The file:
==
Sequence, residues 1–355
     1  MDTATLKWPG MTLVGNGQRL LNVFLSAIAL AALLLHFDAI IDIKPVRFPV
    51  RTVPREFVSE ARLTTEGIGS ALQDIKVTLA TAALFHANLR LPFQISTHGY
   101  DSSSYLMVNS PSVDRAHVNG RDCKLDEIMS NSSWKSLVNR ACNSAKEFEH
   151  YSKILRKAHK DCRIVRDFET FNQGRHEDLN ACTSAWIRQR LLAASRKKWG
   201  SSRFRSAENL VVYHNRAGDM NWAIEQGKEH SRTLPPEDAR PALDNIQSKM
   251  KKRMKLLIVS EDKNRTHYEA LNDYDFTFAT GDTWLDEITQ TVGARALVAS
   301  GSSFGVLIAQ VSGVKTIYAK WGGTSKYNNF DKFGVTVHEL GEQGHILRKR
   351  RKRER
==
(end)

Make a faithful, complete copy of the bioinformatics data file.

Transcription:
Sequence, residues 1–355
     1  MDTATLKWPG MTLVGNGQRL LNVFLSAIAL AALLLHFDAI IDIKPVRFPV
    51  RTVPREFVSE ARLTTEGIGS ALQDIKVTLA TAALFHANLR LPFQISTHGY
   101  DSSSYLMVNS PSVDRAHVNG RDCKLDEIMS NSSWKSLVNR ACNSAKEFEH
   151  YSKILRKAHK DCRIVRDFET FNQGRHEDLN ACTSAWIRQR LLAASRKKWG
   201  SSRFRSAENL VVYHNRAGDM NWAIEQGKEH SRTLPPEDAR PALDNIQSKM
   251  KKRMKLLIVS EDKNRTHYEA LNDYDFTFAT GDTWLDEITQ TVGARALVAS
   301  GSSFGVLIAQ VSGVKTIYAK WGGTSKYNNF DKFGVTVHEL GEQGHILRKR
   351  RKRER